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Most of us consider ourselves pretty street-smart. We're wary of scams and con artists. Few of us really think we're gonna win that sidewalk three-card

Most of us consider ourselves pretty street-smart. We’re wary of scams and con artists. Few of us really think we’re gonna win that sidewalk three-card monte game, or will give out ATM passwords or credit card numbers over the phone to someone posing as a “bank examiner.” However, the audio industry is rife with self-interest to all degrees, and lately, audio scams have been on the rise.

Besides obvious crimes (such as credit card fraud), one popular scam is obtaining free gear. Targeted mainly at smaller, high-end manufacturers (but occasionally hitting larger companies), the scamster calls up a manufacturer and asks for some loaner equipment. There are several variations on this: One fellow called several companies from a ficticious audio magazine, saying they were just about to go into production on their first issue and needed some gear for a cover shoot. He went on to say that they already had gear from several prominent audio suppliers, but somehow company “XYZ” (your chief competitor) didn’t deliver the gear in time. The scamster went on to say he was so upset with XYZ “flaking out” that he calls for your gear instead and needs it sent overnight. Mindful of this wonderful “cover” opportunity — and, of course, a chance to outdo a rival — the manufacturer sends the gear out, and it is never to be seen again.

Sometimes, people simply call manufacturers saying they need products to review in well-known magazines. In such cases, a quick call from the manufacturer to the magazine’s staff can verify such claims. A somewhat more creative approach came from a person who claimed he was assembling gear to be spotlighted in a textbook on audio production. His M.O. was fairly slick — even going so far as to send a detailed book outline, making his scam appear more legitimate. Several manufacturers fell for that one.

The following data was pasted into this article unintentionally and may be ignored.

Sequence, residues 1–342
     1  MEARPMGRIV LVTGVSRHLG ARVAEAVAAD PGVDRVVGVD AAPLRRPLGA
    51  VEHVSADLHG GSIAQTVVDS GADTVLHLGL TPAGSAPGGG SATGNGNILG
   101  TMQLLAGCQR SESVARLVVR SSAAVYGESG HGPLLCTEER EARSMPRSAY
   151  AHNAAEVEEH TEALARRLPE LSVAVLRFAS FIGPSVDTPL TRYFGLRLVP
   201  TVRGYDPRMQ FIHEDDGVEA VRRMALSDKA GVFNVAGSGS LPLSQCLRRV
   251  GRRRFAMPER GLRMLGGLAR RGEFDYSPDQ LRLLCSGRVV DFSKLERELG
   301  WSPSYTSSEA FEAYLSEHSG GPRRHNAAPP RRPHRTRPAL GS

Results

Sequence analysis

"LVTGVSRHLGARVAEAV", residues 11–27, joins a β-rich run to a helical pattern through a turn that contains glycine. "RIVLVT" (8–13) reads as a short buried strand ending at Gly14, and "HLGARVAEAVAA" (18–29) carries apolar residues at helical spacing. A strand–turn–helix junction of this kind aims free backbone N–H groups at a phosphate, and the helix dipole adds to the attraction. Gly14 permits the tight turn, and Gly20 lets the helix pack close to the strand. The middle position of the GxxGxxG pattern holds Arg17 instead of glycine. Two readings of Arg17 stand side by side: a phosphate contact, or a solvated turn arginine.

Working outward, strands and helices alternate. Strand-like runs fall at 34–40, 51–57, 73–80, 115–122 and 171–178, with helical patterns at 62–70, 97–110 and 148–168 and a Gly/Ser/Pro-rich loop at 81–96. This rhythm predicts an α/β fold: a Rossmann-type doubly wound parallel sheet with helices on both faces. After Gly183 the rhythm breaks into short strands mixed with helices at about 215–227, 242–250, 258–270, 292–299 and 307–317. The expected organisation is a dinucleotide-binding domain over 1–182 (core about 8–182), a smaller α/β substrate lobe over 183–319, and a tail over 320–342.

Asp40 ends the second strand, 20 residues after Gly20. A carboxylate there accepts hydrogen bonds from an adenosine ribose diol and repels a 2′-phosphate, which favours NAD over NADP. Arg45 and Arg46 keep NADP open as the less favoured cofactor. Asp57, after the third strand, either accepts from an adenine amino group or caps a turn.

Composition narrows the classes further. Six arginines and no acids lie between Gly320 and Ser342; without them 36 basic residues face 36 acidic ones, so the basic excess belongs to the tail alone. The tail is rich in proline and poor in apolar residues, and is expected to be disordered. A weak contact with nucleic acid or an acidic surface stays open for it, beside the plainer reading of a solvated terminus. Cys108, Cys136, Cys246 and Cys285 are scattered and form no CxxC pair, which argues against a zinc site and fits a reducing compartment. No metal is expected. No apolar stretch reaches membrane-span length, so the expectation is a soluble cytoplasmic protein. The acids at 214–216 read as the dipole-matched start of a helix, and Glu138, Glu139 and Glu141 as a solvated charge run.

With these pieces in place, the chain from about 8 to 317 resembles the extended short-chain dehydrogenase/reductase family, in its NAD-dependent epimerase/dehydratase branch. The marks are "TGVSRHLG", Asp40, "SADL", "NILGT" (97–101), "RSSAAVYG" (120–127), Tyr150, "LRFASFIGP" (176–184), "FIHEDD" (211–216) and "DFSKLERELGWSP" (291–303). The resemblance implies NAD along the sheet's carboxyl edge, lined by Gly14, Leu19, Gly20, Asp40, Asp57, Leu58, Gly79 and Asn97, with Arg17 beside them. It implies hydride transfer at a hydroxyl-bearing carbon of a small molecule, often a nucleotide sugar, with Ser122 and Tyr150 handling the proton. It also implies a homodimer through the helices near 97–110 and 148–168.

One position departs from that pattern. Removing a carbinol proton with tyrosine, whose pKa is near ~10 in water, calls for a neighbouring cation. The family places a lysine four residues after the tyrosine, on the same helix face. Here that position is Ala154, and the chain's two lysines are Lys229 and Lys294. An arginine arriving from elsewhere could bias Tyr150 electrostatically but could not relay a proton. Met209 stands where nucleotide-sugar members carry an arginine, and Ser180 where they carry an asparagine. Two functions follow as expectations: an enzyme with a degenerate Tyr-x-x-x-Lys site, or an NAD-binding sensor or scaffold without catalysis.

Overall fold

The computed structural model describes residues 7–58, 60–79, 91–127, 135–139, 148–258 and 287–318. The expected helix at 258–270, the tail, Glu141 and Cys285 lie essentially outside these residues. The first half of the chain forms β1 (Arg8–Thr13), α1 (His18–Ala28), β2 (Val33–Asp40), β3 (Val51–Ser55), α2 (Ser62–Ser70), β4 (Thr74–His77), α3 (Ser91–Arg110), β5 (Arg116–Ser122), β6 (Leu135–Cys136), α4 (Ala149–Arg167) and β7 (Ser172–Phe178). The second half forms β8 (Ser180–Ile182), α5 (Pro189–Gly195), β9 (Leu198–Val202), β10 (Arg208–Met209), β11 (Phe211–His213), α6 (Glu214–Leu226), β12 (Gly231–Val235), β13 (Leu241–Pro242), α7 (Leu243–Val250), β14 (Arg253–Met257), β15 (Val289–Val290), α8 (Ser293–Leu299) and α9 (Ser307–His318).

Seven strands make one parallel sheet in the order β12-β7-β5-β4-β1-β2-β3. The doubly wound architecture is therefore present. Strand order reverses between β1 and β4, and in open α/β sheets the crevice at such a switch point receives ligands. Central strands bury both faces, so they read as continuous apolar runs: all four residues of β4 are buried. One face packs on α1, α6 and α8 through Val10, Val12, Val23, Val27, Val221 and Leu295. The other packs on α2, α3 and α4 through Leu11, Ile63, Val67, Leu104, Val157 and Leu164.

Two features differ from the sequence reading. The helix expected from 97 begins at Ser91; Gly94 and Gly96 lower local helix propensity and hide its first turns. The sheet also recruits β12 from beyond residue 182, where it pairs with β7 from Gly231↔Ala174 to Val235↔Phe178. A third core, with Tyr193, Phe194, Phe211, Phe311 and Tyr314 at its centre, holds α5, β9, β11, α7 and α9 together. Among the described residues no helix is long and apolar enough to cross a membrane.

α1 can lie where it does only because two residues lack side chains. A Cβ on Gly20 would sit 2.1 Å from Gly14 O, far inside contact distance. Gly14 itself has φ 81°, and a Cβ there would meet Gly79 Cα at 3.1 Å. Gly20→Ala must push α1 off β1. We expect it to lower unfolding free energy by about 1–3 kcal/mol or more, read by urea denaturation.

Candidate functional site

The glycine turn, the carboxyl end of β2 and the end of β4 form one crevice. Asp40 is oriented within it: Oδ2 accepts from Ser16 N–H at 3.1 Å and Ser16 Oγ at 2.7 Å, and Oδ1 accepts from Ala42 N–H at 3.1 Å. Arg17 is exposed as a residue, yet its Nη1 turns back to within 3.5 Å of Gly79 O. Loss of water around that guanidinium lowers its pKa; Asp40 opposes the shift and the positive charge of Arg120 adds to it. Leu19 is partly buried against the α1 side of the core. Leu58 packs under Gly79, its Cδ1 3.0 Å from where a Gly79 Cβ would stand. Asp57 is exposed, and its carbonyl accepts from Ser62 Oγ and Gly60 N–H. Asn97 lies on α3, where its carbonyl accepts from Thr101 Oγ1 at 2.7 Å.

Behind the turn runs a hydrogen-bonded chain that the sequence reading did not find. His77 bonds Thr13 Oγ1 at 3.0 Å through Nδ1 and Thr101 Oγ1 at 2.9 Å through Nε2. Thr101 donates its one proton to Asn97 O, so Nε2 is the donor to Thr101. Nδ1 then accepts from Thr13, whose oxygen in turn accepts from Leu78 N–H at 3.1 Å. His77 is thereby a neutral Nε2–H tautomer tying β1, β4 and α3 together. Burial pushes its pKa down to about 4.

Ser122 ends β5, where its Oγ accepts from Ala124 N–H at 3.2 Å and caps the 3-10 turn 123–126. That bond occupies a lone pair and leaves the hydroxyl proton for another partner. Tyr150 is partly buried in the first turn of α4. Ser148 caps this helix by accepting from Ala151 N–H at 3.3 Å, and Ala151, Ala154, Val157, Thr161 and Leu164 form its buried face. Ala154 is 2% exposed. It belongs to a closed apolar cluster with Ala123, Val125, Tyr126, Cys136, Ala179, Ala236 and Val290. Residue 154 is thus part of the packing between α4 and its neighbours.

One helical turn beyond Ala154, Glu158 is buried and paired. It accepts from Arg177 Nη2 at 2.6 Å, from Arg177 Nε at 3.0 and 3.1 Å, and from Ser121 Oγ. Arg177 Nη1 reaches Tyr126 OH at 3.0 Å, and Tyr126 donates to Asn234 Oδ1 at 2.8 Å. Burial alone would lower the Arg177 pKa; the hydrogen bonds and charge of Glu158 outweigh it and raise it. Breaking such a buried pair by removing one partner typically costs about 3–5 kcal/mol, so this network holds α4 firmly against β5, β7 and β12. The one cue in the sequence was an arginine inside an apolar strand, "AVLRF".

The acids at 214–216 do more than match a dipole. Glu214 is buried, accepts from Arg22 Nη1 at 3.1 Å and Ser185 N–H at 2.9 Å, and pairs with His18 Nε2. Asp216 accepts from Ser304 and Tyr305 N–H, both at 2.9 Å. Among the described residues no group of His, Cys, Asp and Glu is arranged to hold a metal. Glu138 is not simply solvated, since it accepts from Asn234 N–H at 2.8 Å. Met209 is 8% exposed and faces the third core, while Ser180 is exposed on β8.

If all else fails, the tried-and-true “steal-it-from-a-tradeshow-booth” method is fairly effective, especially at a show like AES, where anyone can walk in off the street, plunk down a couple bucks for an exhibits-only pass and leave with a coat full of microphones. AES has never required walk-up registrants to show proof of ID, so just fill in a phony name and no one’s the wiser.

Studios are also on the hit list, and this goes well beyond the thieving bandmember who tosses a direct box into a gig bag on the way out of a session. Studios need to be vigilant, particularly about bookings from unknown people who may call requesting a late-night session when an engineer or studio owner is working alone. There have been numerous incidents — including a murder a few years back — where the intent was to rob the studio, and both larger facilities and project rooms are at risk.

The studio can be a fun, creative environment where the last thing we need to think about is getting ripped off. However, a little precaution — a serial number list, some extra locks, an alarm and maybe even a little common sense — pays off. Mix maintains an online Stolen Equipment Registry list , but, as always, an ounce of prevention is better than a pound of crime.